Marketers Adjust Messaging on a 'Glocal' Scale

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Globally, social media users typically share informative or funny content, for they see such behaviors as an extension of their personalities.
Marketing

Though companies constantly strive to produce valuable content, few understand what specific messaging motivates consumers outside of their countries to share such work with their various social networks.

However, one recent study published by Social@Ogilvy explores how consumers around the globe interact with the available content and the reasons behind their sharing habits. Conducted in partnership with SurveyMonkey, the survey polled 6,522 social media users from 16 countries to establish how consumers engage with brand content worldwide to determine the "why" and "where" behind social sharing. Once brands understand the underlying motives that drive content shares, marketers can then begin to develop targeted strategies and create tailored content that connects with the given culture specifically.

The following statistics highlight the average consumers' basic sharing behaviors, as well as the cultural differences that require special attention and an adaptive strategy:

  • Emotion stands as the key driver behind why users share content, as 13 percent claim such behaviors help define their personalities, while 36 percent do so to promote an issue or cause for which they feel strongly.
  • Of those surveyed, 49 percent view content sharing as one way to feel useful and thoughtful. In particular, Chinese users (30 percent) also claim to feel 'creative' when sharing via social.
  • Mature markets (43 percent) tend to share informative or educational content more frequently, while emerging markets (40 percent) gravitate toward funny or entertaining content.
  • Forty percent of those polled say that the content's source isn't important as long as it's interesting, while only 7 percent cite too much volume as the most off-putting content they see.
  • Country barriers to freedom of speech and press play an integral role in the type of source users engage with and trust. For instance, Asian markets (27 percent) commonly share content from an established media outlet to depict their personal perspective, while only 19 percent of European markets do the same.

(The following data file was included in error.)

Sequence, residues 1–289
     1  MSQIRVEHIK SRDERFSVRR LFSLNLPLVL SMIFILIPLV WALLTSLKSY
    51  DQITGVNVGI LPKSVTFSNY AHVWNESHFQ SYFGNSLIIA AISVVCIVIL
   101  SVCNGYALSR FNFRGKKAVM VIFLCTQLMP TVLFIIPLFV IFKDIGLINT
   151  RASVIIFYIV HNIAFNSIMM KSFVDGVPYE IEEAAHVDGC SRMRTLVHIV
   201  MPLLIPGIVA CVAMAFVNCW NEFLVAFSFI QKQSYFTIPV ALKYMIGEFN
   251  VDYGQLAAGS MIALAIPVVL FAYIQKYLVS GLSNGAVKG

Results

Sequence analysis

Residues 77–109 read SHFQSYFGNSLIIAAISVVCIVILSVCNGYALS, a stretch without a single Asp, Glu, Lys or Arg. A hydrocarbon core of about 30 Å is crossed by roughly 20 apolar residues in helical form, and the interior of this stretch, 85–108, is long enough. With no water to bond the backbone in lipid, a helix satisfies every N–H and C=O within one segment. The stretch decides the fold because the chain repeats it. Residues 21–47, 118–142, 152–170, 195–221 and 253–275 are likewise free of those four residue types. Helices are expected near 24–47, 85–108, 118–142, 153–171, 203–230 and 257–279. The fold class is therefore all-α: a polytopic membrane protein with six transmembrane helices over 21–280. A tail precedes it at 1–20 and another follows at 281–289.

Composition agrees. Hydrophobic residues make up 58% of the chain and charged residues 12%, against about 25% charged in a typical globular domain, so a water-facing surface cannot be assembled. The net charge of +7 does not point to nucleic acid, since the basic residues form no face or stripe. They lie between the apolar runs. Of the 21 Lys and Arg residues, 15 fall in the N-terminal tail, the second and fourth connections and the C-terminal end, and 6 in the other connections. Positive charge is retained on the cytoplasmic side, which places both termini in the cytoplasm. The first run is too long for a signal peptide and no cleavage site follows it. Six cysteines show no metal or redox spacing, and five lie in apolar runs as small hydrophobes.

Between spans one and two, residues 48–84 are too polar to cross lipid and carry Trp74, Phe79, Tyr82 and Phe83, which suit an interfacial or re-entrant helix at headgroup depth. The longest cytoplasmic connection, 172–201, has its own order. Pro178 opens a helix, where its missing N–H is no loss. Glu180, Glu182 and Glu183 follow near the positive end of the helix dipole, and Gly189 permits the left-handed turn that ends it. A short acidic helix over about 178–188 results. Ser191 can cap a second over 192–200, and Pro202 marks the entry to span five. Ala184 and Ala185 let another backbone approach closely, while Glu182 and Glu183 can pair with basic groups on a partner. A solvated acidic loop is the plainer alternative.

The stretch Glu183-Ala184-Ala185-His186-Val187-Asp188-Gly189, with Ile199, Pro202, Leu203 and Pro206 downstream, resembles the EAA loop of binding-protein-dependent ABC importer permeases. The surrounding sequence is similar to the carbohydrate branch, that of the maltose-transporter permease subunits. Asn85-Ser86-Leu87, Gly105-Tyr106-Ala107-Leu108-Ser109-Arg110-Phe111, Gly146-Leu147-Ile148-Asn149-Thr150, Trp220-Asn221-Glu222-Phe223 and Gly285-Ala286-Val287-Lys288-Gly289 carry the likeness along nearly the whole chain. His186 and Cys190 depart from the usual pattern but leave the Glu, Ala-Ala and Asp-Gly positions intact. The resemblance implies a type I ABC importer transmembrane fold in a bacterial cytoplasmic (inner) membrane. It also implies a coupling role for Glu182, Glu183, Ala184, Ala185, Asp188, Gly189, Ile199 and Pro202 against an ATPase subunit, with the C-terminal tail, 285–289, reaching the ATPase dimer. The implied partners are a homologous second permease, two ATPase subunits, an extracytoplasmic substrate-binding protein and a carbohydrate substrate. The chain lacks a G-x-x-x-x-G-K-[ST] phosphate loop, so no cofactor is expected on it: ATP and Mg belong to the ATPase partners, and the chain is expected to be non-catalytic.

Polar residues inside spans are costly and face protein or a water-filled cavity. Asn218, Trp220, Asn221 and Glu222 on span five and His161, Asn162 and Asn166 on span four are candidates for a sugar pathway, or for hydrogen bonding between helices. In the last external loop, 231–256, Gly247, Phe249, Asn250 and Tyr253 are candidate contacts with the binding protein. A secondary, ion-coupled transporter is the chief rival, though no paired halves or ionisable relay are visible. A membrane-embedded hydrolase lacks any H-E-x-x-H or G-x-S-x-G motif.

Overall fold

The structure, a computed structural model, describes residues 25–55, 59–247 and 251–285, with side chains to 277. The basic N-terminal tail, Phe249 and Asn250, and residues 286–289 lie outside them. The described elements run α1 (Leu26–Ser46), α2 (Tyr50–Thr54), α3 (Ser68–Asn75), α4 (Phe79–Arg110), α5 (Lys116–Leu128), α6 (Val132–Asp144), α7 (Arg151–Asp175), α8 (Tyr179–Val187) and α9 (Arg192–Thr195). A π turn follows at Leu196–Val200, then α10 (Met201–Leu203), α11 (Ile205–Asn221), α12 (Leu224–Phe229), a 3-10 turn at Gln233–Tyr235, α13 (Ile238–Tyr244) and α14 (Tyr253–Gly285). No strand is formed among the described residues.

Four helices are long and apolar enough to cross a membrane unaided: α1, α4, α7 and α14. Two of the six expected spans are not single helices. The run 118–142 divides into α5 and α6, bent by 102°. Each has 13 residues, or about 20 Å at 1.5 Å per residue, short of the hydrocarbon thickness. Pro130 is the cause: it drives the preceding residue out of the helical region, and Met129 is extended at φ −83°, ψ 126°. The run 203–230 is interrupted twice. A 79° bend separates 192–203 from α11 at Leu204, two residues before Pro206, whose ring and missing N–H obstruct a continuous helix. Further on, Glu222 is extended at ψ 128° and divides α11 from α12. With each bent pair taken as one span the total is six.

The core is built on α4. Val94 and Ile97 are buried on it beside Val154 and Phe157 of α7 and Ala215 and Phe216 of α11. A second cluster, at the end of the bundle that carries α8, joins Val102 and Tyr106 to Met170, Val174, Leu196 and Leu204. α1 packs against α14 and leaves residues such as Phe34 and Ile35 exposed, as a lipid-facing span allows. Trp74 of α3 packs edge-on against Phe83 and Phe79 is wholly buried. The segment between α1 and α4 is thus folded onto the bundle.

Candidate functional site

• Thirty-four percent of emerging markets are open to maintaining or increasing the current amount of social advertising, as Mexico (55 percent), China (52 percent), and Poland (51 percent) lead the charge.
  • Korea (73 percent), Japan (74 percent), and the United States (83 percent), however, are overwhelmed by the abundance of social media advertisements. Furthermore, American and Japanese respondents are also most likely to rate branded content poorly and less likely to watch or share said content regularly.

Key takeaway: When working to develop social strategies that span the globe, brands must tailor their tactics to meet the needs of the given country. Known as "glocal" marketing, this approach allows companies to uphold the brand's enterprisewide promise while adapting to the local market so as to deliver the most relevant, interesting content possible. Because brands are quickly becoming content creators themselves, they must understand what motivates consumers to share across regions, for cultural differences are crucial to success. By studying such consumer behaviors, companies can quickly adjust to ensure their marketing messages maintain consistency and preserve integrity. Different countries are bound to respond differently, as each comes with its own traditions and preferences. Thus, marketers must remain vigilant and proactive so they may continue to tap into this emotion and build upon brand DNA as they enhance their global strategies.

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EXPERT OPINION